Mr. Ben Bradshaw (Exeter): Does my right hon. Friend agree that to use the term "life style" is erroneous in this case because it involves or assumes an element of choice? All the experts agree that the vast majority of people's sexual orientation does not have that element of choice, so we should stop even talking about life styles.

Mr. Straw: I agree with my hon. Friend, and I hope that he has noticed that I have not used that term.

Mr. Desmond Swayne (New Forest, West): Is it not proper for the law to have the effect of restraining activity which the majority of people regard as undesirable or unnatural? However choice may operate, the fact remains that people have the choice to maintain self-discipline.

Mr. Straw: I shall try to deal with the hon. Gentleman's point seriously. Those issues were raised extensively in the consideration of the Wolfenden report in 1957. It will be recalled that, before then, homosexual acts at any age were illegal, and buggery attracted a penalty of life imprisonment. There is no evidence that that led to fewer people engaged in homosexual acts if they were determined to be engaged in them, but it led to huge human unhappiness and great injustice. In 1967, the House and the country accepted that the law should be changed for those over the age of 21. Much more recently, in 1994, we accepted that the age of consent should be lowered to 18. I have always believed that the age should be equalised at 16, which is the age of consent for heterosexual sex.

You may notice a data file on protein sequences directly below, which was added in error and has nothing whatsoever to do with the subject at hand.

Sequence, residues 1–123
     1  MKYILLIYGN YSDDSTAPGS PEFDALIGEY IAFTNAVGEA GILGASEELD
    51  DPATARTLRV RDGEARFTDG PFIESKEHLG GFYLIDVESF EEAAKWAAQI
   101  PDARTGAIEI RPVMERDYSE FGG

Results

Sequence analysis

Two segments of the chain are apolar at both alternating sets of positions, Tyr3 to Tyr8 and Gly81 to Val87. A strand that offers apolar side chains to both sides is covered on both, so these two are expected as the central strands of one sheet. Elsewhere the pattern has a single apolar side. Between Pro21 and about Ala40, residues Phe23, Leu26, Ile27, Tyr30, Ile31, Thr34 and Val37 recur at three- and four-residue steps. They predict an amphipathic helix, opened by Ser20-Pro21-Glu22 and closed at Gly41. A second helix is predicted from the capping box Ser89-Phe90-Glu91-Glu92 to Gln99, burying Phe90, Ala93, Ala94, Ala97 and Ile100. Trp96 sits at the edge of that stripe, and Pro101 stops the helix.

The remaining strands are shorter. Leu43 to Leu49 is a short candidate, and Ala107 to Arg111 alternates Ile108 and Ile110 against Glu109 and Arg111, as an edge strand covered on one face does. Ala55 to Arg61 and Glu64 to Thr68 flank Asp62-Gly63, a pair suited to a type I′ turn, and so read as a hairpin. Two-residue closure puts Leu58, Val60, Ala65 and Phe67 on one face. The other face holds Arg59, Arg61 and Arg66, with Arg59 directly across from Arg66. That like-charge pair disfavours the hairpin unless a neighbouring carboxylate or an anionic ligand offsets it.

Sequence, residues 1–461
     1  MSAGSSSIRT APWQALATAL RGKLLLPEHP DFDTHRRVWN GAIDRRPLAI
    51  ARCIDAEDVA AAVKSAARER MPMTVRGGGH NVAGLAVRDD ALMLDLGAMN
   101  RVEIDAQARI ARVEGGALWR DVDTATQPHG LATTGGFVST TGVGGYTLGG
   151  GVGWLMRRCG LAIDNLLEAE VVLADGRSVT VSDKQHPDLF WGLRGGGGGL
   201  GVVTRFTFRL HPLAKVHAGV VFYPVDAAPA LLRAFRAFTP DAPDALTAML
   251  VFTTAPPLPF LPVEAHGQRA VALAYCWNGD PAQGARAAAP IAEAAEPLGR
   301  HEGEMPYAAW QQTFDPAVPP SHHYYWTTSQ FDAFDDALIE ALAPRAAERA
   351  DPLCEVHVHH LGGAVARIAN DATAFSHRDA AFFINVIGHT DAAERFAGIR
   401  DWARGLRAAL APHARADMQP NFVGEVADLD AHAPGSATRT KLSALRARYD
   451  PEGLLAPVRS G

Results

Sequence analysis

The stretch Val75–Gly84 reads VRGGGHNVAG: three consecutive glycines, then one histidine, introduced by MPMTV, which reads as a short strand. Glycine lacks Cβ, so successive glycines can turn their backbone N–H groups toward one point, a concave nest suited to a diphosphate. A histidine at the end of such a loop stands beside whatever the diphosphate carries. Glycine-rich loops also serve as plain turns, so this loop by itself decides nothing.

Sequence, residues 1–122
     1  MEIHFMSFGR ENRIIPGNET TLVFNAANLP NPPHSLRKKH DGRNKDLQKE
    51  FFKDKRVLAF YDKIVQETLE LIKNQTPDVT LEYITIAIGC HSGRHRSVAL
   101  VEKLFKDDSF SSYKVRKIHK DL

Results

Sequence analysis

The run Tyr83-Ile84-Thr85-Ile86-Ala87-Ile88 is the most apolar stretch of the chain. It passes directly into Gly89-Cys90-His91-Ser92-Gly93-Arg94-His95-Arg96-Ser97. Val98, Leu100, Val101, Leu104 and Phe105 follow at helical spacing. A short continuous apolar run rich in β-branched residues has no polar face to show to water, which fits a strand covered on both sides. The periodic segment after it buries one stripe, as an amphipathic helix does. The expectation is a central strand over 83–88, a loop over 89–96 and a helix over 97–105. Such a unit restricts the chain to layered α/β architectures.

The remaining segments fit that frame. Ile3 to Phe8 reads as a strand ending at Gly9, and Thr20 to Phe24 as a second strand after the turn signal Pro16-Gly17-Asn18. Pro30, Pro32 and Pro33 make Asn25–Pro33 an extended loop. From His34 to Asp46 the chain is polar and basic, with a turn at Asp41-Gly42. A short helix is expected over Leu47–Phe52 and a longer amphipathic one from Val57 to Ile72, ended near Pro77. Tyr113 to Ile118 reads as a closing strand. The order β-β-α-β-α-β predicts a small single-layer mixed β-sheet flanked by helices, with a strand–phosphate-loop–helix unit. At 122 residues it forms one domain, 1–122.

Mr. Gerald Howarth (Aldershot): Will the Minister give way?

Mr. Straw: I have already taken several interventions and should like to make progress.

The second key point is that of discrimination, which relates directly to the issue raised by the hon. Member for Rochford and Southend, East (Sir T. Taylor). Many hon.

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Members will be aware of the current case concerning Euan Sutherland, and the parallel case of Christopher Morris, both now before the European Court of Human Rights. Two years ago, the European Commission of Human Rights decided against the United Kingdom and in favour of the applicants. We reached an agreement with the applicants that we would give the House the opportunity to vote on this issue, and the court case was stayed pending the outcome. However, it cannot be delayed indefinitely, and the court will not permit it. Moreover, given the strong support that the House gave the measure last time round, it would not be right to wait. This is an area where our law is clearly open to challenge, and that must be rectified--[Interruption]--not necessarily, may I say to those who take a different view from mine, by lowering the age of consent to 16, but definitely by changing it to an equal age.